Tuesday, September 10, 2013

Out of the Ashes

One World Trade Center
I know we all remember where we were that day 12 years ago (which oddly seems like both yesterday and another lifetime ago). I was actually home with a sinus infection and slept in, waking up to turn on the TV to find the surreal images just as the first tower fell. They had already determined at that point that it was a terrorist attack and not just a bizarre accident. I was actually surprised that I was able to get in touch with family members via landline and once I knew everyone was OK, went back to watching the coverage in absolute horror. Three days later, still numb and totally cried out, I had to change the channel and escape into cable TV. It was all just too much. 

That next October, K and I took a long-planned vacation to Florida to visit my sister and the eerily empty Disney World, where we found no lines and the fewest people I've ever seen in the park. Our flights down and back were pretty empty and most of the country was still raw with emotion. At the time, few of us questioned President Bush's attacks on Afghanistan and Iraq. Of course, as time passed and 'Dubya' announced "Mission Accomplished," many of us were questioning the efficacy of a war raged in two countries with little or no ties to the mastermind behind the attacks. 

12 years on and we're debating the use of force against Syrian President Assad (though that seems to have been neatly sewn up as of this writing, thanks in part to the Russians - and don't even get me started on Putin and his overt homophobia). Life in America has changed, somewhat. Ridiculous and often ineffective measures have been taken to beef up airport security. Our government has given itself more power to access private communications between its citizens. Osama bin Laden is dead and we are in in the middle of the second term of the country's first African American President.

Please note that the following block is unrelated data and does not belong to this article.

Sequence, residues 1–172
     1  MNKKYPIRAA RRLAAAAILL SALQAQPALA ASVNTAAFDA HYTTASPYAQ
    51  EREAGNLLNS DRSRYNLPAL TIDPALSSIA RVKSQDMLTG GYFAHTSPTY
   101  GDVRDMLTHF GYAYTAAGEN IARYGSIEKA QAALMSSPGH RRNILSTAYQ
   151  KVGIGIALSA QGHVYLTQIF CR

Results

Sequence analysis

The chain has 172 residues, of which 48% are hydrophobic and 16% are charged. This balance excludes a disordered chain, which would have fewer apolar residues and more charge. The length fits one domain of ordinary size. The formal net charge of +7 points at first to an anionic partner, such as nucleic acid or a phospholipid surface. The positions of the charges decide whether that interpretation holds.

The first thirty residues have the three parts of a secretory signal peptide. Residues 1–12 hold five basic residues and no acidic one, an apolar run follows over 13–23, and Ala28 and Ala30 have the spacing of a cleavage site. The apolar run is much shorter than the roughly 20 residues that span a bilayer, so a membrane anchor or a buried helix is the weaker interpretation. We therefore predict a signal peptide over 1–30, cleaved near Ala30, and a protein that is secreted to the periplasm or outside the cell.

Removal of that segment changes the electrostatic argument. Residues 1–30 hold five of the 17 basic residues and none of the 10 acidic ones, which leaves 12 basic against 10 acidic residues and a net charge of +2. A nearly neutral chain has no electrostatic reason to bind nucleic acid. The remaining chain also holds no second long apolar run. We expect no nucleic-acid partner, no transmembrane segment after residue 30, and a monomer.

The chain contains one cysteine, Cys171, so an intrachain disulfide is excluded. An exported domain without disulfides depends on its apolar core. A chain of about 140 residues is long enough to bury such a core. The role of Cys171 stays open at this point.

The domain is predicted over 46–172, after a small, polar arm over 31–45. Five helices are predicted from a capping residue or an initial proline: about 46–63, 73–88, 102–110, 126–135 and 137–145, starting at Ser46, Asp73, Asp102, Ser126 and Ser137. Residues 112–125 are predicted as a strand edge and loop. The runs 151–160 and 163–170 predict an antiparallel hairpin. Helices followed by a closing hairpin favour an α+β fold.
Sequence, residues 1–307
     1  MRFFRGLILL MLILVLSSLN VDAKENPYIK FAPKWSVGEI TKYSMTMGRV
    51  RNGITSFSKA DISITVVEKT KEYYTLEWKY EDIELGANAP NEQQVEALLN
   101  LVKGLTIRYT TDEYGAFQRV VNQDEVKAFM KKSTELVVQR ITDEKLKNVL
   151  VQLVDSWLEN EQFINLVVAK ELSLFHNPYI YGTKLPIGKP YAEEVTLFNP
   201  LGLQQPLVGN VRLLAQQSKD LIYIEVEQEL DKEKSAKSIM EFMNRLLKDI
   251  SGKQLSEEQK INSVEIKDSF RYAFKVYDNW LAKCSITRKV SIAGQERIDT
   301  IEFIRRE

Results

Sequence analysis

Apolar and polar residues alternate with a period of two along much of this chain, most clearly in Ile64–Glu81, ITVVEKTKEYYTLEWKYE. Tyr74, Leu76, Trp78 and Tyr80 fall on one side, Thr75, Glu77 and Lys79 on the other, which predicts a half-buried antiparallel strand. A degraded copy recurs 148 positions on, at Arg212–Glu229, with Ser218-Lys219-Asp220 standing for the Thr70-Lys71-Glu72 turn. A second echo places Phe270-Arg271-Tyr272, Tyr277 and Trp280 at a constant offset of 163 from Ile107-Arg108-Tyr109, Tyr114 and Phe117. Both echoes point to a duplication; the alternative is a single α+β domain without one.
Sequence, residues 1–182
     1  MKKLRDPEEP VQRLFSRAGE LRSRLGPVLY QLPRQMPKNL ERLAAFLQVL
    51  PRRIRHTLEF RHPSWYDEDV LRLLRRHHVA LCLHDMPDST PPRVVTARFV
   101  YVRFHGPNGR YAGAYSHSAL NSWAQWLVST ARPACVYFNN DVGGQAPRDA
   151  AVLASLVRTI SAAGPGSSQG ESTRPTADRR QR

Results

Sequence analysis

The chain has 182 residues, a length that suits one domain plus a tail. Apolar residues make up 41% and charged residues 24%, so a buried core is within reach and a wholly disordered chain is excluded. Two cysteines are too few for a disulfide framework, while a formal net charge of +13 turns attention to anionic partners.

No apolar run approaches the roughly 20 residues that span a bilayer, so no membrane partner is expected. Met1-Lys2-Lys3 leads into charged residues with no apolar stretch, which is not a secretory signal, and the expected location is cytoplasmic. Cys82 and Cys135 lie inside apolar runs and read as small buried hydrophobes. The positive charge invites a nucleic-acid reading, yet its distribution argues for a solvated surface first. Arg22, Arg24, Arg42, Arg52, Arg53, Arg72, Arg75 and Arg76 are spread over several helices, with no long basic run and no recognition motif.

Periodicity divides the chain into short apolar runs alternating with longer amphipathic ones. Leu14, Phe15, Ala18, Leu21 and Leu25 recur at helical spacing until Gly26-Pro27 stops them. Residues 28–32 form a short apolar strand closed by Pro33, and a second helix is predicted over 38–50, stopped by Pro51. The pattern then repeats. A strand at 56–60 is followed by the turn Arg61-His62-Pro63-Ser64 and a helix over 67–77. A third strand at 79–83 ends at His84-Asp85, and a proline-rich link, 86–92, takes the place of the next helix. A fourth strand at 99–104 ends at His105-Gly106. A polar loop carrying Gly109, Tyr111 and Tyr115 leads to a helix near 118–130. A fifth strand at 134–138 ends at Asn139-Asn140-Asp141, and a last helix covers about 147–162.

LGBT rights and Marriage Equality have progressed by leaps and bounds despite the efforts of fundamentalist Christians and homophobes who seem to think we can move backward. More and more people are recognizing hate for what it is, while the haters become more desperate and violent in their frightened attempts to prevent social progress even as social progressives win more and more battles for true Equality. 

While America's standing as a World Leader may have waned thanks to the divisive acts of men who many rightfully consider to be war criminals (yes, I'm talking about you, George W. Bush and Dick Cheney), the American Spirit - our pride in the freedoms our country allows us; our strength and courage in the face of adversity; our determination to remain "one nation, indivisible, with liberty and justice for all" - has not wavered. And while we must honor and remember the innocent men and women and First Responders in the World Trade Center, the Pentagon and on those four fateful flights whose lives were taken, we must also look forward.

This year saw the completion of the first building of the new World Trade Center. Like a phoenix risen from the ashes, it serves as a symbol of the indomitable American Spirit. It should inspire us all to remember what those who have given their lives since the "Shot Heard Around the World" have fought for and remind us all not to take anything we have as a result, for granted. Uncle P may well be a gay. hippy liberal but I'm still a proud American who knows all too well that my right to be a gay, hippy liberal is something I should never (and will never) take for granted. And neither should you.

More, anon.

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